To go out on a limb—Culips English Podcast

Here’s an episode about taking risks. Sooner or later, we all take a risk at work or in our personal lives. To go out on a limb and to stick your neck out can be used to talk about taking a risk. You can also put yourself in jeopardy when you take a risk. Take a risk by listening to this episode and start using these natural English expressions today.

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Maura: Now, this is an interesting expression, to go out on a limb, but there is a possible origin or a connection to trees.

Harp: Yes, because on a tree, a limb is an open, exposed branch, so it’s like one of the arms of the tree.

Maura: Exactly. And if you’re an animal who lives in trees and goes out on a limb, I mean actually goes on a limb, it’s a dangerous place to be because you’re exposed and maybe a hunter or a predator or someone who wants to get you could get you because they can see you.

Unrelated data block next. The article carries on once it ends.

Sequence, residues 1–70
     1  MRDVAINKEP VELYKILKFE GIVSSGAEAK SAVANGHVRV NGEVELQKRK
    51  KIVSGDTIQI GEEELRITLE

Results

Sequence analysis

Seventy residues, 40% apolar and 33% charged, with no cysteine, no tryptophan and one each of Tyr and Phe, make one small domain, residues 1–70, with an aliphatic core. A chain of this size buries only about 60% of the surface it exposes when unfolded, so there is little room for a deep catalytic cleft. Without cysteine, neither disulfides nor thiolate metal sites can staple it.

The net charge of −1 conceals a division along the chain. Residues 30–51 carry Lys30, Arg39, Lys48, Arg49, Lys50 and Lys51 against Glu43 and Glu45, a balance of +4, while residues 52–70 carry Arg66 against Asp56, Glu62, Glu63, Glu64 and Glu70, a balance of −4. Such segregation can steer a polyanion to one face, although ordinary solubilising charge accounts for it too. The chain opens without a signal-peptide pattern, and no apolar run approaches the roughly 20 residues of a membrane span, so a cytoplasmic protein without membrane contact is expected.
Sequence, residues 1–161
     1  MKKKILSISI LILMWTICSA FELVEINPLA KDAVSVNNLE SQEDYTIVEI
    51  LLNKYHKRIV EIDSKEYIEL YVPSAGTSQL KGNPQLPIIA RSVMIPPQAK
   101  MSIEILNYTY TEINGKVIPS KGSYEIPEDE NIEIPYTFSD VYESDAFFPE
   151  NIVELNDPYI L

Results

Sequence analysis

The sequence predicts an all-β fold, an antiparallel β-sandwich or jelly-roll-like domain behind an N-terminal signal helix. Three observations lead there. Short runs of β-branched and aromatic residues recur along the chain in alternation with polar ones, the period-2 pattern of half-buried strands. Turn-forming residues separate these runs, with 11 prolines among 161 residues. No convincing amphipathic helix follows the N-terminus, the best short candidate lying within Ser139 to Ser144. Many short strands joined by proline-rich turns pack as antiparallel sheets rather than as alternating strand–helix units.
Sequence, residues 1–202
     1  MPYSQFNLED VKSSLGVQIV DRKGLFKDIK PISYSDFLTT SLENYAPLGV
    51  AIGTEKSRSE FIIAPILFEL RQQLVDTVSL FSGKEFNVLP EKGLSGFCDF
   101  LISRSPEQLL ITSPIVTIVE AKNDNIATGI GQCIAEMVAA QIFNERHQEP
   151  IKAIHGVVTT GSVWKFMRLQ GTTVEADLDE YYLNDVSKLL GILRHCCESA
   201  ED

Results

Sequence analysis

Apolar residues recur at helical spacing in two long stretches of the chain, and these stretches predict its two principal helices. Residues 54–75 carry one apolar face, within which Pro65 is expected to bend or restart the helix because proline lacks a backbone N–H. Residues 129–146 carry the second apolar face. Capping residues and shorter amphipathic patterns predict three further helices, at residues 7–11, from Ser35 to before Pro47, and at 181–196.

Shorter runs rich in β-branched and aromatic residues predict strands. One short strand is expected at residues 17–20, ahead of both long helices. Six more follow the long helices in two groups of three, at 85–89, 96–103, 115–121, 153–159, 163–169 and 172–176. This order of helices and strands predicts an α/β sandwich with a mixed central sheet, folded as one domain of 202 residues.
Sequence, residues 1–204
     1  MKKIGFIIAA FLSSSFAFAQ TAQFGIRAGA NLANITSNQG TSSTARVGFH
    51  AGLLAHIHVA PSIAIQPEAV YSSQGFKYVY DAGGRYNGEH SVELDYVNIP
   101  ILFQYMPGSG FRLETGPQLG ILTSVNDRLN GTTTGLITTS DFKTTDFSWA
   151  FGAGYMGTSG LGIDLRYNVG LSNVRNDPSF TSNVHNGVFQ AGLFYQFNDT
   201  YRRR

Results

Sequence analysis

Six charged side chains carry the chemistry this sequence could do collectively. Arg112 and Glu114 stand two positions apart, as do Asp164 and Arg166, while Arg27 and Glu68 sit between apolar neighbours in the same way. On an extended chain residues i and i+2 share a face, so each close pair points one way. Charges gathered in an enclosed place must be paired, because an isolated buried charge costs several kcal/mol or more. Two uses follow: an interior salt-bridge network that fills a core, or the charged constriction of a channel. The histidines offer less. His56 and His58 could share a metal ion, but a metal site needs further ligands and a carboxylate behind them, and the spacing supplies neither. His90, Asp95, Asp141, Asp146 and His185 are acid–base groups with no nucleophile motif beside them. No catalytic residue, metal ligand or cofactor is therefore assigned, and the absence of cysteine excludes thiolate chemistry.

Harp: Yes, definitely. Or the limb could break because it’s too weak.

Maura: Right. So that’s another danger when an animal goes out on a limb; the limb could break and the animal could fall to the ground. So going out on a limb actually is dangerous.

Expressions from this episode included in the Learning Materials:

To go out on a limb To take something into consideration
To stick your neck out Back to the drawing board
Listen up To put yourself in jeopardy
It’s been around forever Good old
To make it Asap
What’s wrong? A backup

Podcast/ Learning Materials: Culips English Podcast, Photo: photogramma1

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Posted in Catch Word.